British life through the eyes of Colin Jones

Catholic family after the bailiffs, The Cregan Derry, Northern Ireland, 1978 Image copyright Colin Jones / Courtesy of Michael Hoppen Gallery
Image caption Catholic family after the bailiffs, The Cregan Derry, Northern Ireland, 1978

Colin Jones's life could have been very different. He was a dancer with the Royal Ballet when he picked up a camera while on tour in Japan and began to record his colleagues' performances.

His eye for a picture brought him to the attention of one of the great photojournalists of the 1950s and 60s, Hungarian emigre Michael Peto. And with his help and guidance, Jones stepped off the stage and behind the lens.

Born in east London in 1936, Jones captured social change across the UK. From the Gorbals in Glasgow to the docks of Liverpool, his pictures helped explain the country to readers of The Observer and subsequently the Sunday Times newspapers.

Those images now form an important record of the post-war years, documenting the struggle to survive in tough economic times and the daily routines of an age that now seems long gone.

His skill lies in his ability to convey a wider story through a single image, drawing the viewer into the scene through the use of shape and form.

Image copyright Colin Jones / Courtesy of Michael Hoppen Gallery
Image caption Benwell, Newcastle, 1963
Image copyright Colin Jones / Courtesy of Michael Hoppen Gallery
Image caption A steam train delivers coal to a steelworks, West Hartlepool, 1963

Jones travelled widely too. Among other places, he visited Leningrad, as was, bringing life behind the Iron Curtain to the breakfast tables of the west.

Image copyright Colin Jones / Courtesy of Michael Hoppen Gallery
Image caption Jones captured residents of Leningrad sunbathing in 1964

Perhaps his best known photographs were taken while on assignment for The Sunday Times.

In 1973 he was asked to photograph Harambee, a housing project for young black people in Islington, many seemingly on the wrong side of the law.

But instead of taking pictures that would have reinforced pre-conceived notions, Jones devoted time to getting to know his subjects and building a rapport with them.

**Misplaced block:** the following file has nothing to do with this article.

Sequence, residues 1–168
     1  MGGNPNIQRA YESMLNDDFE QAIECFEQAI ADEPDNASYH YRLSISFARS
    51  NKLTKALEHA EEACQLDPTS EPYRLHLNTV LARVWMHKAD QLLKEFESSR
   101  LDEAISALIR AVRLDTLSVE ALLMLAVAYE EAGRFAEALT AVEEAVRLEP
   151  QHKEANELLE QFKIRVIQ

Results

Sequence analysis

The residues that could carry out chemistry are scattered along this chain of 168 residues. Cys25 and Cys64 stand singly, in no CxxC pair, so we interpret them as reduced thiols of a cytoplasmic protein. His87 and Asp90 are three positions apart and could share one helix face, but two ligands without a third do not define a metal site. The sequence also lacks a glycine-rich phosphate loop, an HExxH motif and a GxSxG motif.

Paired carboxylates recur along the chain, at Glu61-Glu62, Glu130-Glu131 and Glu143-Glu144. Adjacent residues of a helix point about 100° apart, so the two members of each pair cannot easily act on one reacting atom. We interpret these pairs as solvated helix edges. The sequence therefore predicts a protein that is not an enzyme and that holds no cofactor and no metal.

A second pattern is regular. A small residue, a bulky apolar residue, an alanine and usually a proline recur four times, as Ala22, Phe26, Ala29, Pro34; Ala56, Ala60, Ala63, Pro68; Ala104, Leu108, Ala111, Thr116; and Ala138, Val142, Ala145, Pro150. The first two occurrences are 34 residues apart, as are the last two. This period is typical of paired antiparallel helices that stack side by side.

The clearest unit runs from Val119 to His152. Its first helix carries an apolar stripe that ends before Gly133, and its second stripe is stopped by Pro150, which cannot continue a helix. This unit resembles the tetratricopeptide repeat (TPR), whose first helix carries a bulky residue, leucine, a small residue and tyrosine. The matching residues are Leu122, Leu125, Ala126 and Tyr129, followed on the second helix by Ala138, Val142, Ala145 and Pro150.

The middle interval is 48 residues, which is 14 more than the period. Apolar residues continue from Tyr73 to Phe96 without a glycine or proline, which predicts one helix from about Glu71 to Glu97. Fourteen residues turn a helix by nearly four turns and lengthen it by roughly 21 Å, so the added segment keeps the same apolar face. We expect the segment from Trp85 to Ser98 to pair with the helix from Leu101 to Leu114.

Image copyright Colin Jones / Courtesy of Michael Hoppen Gallery
Image caption The Black House, Holloway Road, London 1976
Image copyright Colin Jones / Courtesy of Michael Hoppen Gallery
Image caption The Black House, Holloway Road, London 1976

This empathy with a marginalised community resulted in a powerful set of photographs which were shown at The Photographers' Gallery in 1977 in an exhibition called The Black House, which later toured widely.

Those images and many others from Colin Jones's long career are on show at the Michael Hoppen Gallery in London until 3 June.

Image copyright Colin Jones / Courtesy of Michael Hoppen Gallery
Image caption Miners racing their greyhounds, North East Consett, 1980
Image copyright Colin Jones / Courtesy of Michael Hoppen Gallery
Image caption Pushing a coal tram, Ammanford, South Wales, 1990
Image copyright Colin Jones / Courtesy of Michael Hoppen Gallery
Image caption Unemployment, Labour Exchange (ex-miners), Hartlepool, 1962
Image copyright Colin Jones / Courtesy of Michael Hoppen Gallery
Image caption Unemployed, Waiting for Work, Canteen Liverpool Docks, 1963
Image copyright Colin Jones / Courtesy of Michael Hoppen Gallery
Image caption Royal Ballet Rehearsal, London, 1961
Image copyright Colin Jones / Courtesy of Michael Hoppen Gallery
Image caption The Who, Just Men, Chelsea, London, 1966

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